Plus - Letter to the Editor

Hard facts about some Lankan academics working in the UK

From this month, laws come into effect in the UK that will make it very difficult for skilled persons of non-European origin to get jobs in that country. By “skilled persons”, we refer to those who have visas under the Highly Skilled Migration Programme, or HSMP.

It is a myth that Sri Lankan academics easily find highly paid jobs outside this country. Britain introduced the HSMP 10 years ago, and hundreds of Sri Lankan academics have applied for jobs over the past decade, some successful, many not successful. Many Sri Lankan academics have not been successful in their HSMP applications.

More important, many Sri Lankan academics in the UK holding the HSMP visa are doing menial jobs, such as working in software shops, McDonald’s outlets, and petrol stations. One such person is a former University department head, now working in Birmingham.

Meanwhile, a senior professor from the same university who is on sabbatical leave is working as a filing clerk, working late night shifts. If this is the only kind of job he can find, why does he persist in staying on in the UK?

I know of a couple of Sri Lankan medics who work as retail distributors while preparing for their Professional and Linguistic Assessments Board (PLAB) exam. (The PLAB test is a requirement for international medical graduates, or IMGs, to show they have the skills and knowledge to practise medicine in the UK.)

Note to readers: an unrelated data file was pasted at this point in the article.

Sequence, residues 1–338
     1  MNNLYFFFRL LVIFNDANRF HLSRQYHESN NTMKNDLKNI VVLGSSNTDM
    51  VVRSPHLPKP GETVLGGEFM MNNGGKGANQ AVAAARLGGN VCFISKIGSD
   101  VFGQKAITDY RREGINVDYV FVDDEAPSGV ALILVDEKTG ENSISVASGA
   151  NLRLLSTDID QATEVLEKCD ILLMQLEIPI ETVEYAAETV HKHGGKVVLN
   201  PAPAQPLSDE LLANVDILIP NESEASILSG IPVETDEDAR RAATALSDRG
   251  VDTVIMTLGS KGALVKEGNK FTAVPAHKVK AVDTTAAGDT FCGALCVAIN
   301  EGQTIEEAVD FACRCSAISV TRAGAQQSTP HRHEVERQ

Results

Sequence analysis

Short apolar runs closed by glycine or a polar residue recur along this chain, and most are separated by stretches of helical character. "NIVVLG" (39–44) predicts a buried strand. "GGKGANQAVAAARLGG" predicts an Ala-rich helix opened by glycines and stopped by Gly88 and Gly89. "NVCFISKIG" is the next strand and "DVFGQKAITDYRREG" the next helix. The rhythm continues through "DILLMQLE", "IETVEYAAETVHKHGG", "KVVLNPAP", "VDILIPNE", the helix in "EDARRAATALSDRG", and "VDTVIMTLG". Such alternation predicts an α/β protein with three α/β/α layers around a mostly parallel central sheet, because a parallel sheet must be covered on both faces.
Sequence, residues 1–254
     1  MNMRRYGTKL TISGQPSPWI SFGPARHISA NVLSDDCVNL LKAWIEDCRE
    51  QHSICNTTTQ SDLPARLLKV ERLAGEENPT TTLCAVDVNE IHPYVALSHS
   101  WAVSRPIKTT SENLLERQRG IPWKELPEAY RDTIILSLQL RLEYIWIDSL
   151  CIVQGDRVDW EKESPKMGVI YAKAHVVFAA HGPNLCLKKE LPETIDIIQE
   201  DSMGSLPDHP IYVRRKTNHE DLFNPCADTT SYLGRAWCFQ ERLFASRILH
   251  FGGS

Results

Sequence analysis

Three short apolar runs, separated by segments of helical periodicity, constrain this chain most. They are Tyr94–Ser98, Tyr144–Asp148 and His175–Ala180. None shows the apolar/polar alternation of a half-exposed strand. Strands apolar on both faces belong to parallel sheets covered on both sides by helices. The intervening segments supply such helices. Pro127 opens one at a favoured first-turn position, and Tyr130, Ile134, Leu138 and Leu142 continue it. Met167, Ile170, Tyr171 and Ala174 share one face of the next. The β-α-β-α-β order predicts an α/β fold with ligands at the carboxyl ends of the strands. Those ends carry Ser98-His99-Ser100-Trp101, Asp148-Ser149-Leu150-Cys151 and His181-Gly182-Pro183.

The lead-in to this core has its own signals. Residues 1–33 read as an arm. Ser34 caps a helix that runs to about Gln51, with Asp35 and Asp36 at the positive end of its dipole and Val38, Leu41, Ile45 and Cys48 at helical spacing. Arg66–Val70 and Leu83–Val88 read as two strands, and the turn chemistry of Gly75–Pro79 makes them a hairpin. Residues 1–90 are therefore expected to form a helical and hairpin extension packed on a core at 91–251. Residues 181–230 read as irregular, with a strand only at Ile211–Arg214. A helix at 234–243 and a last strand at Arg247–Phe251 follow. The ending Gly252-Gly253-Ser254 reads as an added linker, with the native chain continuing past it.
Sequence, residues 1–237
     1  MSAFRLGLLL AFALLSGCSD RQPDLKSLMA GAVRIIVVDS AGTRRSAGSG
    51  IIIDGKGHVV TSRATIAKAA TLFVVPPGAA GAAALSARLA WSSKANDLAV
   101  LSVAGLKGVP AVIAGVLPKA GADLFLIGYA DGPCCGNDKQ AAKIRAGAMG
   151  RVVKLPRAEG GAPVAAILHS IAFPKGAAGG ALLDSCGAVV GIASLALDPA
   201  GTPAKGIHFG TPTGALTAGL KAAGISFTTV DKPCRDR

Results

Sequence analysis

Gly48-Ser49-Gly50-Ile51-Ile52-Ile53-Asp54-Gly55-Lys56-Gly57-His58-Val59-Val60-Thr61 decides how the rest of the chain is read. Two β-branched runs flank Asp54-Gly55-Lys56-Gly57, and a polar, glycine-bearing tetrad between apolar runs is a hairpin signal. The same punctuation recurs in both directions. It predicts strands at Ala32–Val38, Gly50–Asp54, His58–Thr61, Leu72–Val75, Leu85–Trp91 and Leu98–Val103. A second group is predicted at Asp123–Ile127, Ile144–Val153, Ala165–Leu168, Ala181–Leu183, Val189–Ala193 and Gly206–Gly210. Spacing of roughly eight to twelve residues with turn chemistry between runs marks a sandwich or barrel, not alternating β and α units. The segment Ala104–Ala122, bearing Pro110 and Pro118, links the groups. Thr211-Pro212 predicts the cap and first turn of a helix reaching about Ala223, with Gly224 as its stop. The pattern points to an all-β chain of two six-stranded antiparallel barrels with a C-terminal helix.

Most Sri Lankan academics with teaching jobs in the UK work only a few hours a week. Year after year, they read from the same notes, giving the same old lectures. Not very hard work, to be quite honest. And once in seven years, they get a year’s leave with full pay.

They may have done better than their colleagues at exams, and they may have secured enviable posts as lecturers, while enjoying all the perks that go with the job, but what they give in return is not worth even half of what a secondary school teacher does.

These academics benefited from the free education they received in Sri Lanka. Instead of giving back to this country, they go elsewhere, where life is not easy. They may be “educated”, but they don’t seem very intelligent.

Former Academic, via e-mail

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